A Data Visualization Newsletter

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Our Favorite Stuff

174 debate

President Trump and former Vice President Joe Biden faced off in the first presidential debate of 2020 last week. FiveThirtyEight’s polling suggests that Biden generally received higher marks on his debate performance and his policy answers from voters. Still, neither candidate gained much in the way of support; the vast majority of voters who came in favoring Biden or Trump are sticking with their candidate.

174 amazon

The degradation of the Amazon rainforest continues. From rampant deforestation, to worsening wildfires, to troubling climate change, The New York Times’ Yaryna Serkez walks us through the numerous factors responsible for the Amazon’s rapid decline. If we don’t fight to save it now, the result could be catastrophic.

174 voting

Counties across the U.S. are bracing for an influx of mail-in ballots this November. Primary elections held amid the pandemic give an early indication of what’s to come; In Kentucky, for instance, absentee voting jumped from 2% to 75% in the June primary. Rachael Dottle examines voting patterns in three major U.S. counties to see what an onslaught of mail-in ballots could mean on Election Day.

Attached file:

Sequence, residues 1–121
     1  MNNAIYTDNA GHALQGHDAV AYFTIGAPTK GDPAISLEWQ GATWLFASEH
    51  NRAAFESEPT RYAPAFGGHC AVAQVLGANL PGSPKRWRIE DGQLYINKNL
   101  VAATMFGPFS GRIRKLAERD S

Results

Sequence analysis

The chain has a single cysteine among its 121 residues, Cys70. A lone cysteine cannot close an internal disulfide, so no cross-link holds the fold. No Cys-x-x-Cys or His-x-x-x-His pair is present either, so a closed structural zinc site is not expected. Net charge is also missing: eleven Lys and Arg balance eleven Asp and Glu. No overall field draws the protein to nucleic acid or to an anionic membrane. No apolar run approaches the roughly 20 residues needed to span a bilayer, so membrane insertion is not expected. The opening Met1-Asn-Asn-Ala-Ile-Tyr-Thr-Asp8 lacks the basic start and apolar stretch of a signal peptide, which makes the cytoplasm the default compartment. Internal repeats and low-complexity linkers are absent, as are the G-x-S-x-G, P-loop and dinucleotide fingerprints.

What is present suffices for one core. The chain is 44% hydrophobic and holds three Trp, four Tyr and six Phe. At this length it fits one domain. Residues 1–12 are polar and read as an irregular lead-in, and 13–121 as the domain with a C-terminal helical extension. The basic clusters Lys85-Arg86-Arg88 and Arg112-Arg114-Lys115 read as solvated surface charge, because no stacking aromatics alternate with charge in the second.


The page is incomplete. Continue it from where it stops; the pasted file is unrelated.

174 ben

Here’s a project for all the ice cream lovers out there. Hesham Eissa and Lindsey Poulter dive deep into the 98 flavors of Ben & Jerry’s ice cream and their popularity across the globe. They also examine which additions — chocolate chunks, cookie dough, caramel swirl, and others — are most often paired together.

174 kpop

With K-pop exploding in popularity over the last decade, many new fans have asked the same question: why are the groups so large? It’s become the norm for K-pop groups to have around 9 members, much more than Western boy bands, with some even rostering up to 23(!) total artists. This collaboration from The Pudding and Kontinentalist analyzes 30 years of K-pop data to understand why these groups got so big, and how each member contributes.